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Advertisement for Marmion Motor Co., New York
Platinum print, montage
4 1/4 x 9 1/2 in (10.8 x 24.1 cm)
Swann Galleries - New York
Sale 2208 Lot 92
With Outerbridge's estate stamp and the number "419," in pencil, on mount verso.
The Photograph and the American Dream 1840-1940, 113.
Paul Outerbridge Jr.'s infallible eye for beauty and form made him an ideal advertising photographer. With an innate understanding of the relationship between glamour and pleasure, Outerbridge studied the formal aspects of the objects he photographed and transformed them, subverting familiar articles into modernist abstractions. Nowhere is that talent more evident than in the advertisement for Marmon automobiles offered here. This juxtaposition of bold silhouette and finely rendered detail conveys confidence, modernity, and power. In a seemingly simple composition, Outerbridge creates a narrative of historic tradition as well as forward-thinking technology for the high-end consumer.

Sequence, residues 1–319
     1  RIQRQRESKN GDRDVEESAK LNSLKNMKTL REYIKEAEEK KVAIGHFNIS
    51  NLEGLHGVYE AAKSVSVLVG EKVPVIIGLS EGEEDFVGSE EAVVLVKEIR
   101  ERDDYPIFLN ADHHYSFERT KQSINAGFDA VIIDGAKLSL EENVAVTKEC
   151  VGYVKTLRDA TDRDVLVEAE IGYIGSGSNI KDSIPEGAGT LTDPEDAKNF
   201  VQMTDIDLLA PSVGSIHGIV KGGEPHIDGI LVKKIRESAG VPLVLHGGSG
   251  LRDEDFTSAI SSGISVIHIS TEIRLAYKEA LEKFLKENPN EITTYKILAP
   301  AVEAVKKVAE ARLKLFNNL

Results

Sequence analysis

Though he is now known for spectacular experiments with color photography, Outerbridge had achieved fame as a commercial photographer by the early 1920s. His rise to prominence came astonishingly quickly. In 1921 he enrolled in Clarence White's School of Photography and by the next year was published in Vogue magazine. (This was his well-known "Ide Collar," which transformed common perceptions of advertising and even attracted the interest of Marcel Duchamp).
Outerbridge believed that photography best exemplified the modern age and temperament. He created compositions that championed the purity of form, spatial arrangement and post-WWI modernist aesthetics. A highly skilled photographer, Outerbridge made preliminary drawings for many of his compositions and insisted on using platinum paper--a luxury good during the wartime era--because of the rich tonal quality it gave his negatives.
Founded in 1902 by Howard Marmon, Marmon Motor Car Company quickly became successful in the early days of the automobile industry. The cars were characterized by ambitious mechanical engineering and stylish design. The Marmon Wasp won the Indianapolis 500 in 1911 (with the first rear view mirror), and, in 1916, a team of drivers in the Marmon 34 broke the transcontinental record by driving cross-country in less than 6 days. Only in business until 1933, Marmon cars were produced in relatively small quantities and are now prized by collectors.